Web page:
GOLDEN, Colo., Sept. 6, 2012 – On Sept. 15, 2012, Colorado School of Mines will host a contingent of ordinary citizens who will join thousands of people across the globe in a worldwide discussion on biodiversity. The “World Wide Views on Biodiversity” event is a large-scale effort to collect citizen views on the global challenge of dwindling biodiversity. These views will then be shared during negotiations at the United Nations Biodiversity conference in Hyderabad, India, in October.
“Scientists are discovering that biodiversity loss will impact human health and the environment as much as climate change, pollution, or other more publicized environmental hazards,” said Mines Teaching Professor Sandra Woodson, an organizer of the event. “The variety of life on Earth is disappearing at an accelerating rate, and with this loss comes deep concern about how humans will adapt. I’m thrilled that Colorado will have a voice in this international discussion.”
Beginning at dawn in the Pacific and ending at sunset in the Americas, meetings will take place in 33 locations in 25 countries on four continents.
Mines is one of four U.S. sites for the “World Wide Views on Biodiversity” project, including a meeting hosted by Arizona State University in Phoenix, a meeting in Washington, D.C. hosted by George Mason University and Virginia Tech, and a meeting in Boston hosted by the University of Massachusetts and the Boston Museum of Science.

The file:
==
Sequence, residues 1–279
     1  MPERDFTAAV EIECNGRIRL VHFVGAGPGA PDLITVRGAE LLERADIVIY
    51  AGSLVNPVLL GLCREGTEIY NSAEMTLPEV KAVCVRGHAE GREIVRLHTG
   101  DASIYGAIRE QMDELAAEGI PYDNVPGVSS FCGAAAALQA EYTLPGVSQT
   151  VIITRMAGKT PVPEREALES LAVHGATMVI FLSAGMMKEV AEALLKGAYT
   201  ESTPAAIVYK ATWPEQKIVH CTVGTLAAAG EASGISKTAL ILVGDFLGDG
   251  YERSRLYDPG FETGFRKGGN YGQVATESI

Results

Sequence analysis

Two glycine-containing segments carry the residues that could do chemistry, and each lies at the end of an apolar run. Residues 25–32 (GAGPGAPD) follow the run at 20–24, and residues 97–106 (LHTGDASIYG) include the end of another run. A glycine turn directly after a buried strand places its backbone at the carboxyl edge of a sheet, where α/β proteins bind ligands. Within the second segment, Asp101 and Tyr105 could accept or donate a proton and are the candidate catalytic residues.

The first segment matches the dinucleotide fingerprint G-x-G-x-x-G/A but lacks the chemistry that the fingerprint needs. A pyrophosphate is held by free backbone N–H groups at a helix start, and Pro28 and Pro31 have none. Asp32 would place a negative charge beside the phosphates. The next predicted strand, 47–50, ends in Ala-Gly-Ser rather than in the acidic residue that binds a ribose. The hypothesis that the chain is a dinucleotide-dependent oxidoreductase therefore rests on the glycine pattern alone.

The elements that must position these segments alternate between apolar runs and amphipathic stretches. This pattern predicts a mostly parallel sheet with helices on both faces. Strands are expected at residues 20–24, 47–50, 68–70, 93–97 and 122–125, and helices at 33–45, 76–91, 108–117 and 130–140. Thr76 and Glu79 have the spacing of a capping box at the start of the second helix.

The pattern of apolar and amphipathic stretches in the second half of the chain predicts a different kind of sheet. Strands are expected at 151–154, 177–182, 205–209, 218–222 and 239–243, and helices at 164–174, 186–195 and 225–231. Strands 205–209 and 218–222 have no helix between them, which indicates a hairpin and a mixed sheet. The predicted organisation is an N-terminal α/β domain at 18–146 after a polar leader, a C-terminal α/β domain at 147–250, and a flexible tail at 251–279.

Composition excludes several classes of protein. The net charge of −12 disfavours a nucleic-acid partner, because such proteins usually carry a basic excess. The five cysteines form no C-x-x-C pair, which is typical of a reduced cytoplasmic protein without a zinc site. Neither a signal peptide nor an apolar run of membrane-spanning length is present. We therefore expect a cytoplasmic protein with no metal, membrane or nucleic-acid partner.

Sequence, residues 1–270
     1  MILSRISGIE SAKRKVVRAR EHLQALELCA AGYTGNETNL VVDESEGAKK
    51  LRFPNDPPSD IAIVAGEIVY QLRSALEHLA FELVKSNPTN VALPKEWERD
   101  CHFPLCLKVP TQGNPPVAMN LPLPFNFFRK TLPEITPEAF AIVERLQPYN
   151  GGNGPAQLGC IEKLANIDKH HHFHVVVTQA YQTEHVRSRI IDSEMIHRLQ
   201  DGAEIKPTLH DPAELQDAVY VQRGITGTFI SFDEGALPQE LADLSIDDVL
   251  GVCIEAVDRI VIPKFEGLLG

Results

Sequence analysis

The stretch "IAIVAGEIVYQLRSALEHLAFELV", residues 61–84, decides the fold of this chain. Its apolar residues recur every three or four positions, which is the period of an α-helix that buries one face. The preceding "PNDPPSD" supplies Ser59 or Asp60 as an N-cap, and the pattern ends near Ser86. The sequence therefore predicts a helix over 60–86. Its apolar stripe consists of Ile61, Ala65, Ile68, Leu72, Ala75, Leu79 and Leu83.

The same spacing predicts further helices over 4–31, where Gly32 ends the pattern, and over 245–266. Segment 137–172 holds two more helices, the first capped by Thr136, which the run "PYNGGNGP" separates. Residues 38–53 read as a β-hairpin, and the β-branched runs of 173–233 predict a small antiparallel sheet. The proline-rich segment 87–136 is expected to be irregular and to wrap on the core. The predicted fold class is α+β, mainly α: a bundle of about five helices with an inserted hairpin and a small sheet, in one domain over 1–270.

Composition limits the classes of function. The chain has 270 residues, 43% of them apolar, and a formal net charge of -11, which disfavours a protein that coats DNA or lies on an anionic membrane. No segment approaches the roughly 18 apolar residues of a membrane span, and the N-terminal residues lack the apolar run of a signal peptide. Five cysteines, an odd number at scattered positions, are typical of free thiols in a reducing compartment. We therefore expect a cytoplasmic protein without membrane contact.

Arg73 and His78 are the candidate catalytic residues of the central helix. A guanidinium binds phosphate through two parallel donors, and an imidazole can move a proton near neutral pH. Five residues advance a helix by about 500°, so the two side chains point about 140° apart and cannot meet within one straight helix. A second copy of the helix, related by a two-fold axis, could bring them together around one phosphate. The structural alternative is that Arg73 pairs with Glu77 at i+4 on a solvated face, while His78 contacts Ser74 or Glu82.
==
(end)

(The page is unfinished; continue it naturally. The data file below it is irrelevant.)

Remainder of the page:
The 100 participants at the Mines conference present a broad representation of the citizens of Colorado. It is a diverse group of people with a range of ages, professions, education levels, gender and socio-economic statuses.
“We need the voices of ordinary people, because the policies hammered out by negotiators will directly affect our lives,” said Woodson. “The opinions expressed by all participants will come after they’ve learned more about biodiversity and then had a conversation about it. Not only will the negotiators receive the views of ordinary citizens, but these views will be the product of serious thought, not a collection of off-the-cuff responses to a poll.”
Also joining the discussion are a handful of students from Mines’ McBride Honors Program, a competitive program in which students explore the intersection of their technical expertise and the social sciences while studying abroad. These students will have the opportunity to learn first hand how major international policy is formed.
The WWViews on Biodiversity project follows a previously established method for gathering citizen perspectives on climate change prior to the 2009 U.N. Climate Change Conference in Copenhagen.
David Tauchen, Public Relations Specialist / 303-273-3088 / DTauchen@mines.edu
Karen Gilbert, Director of Public Relations / 303-273-3541 / KGilbert@mines.edu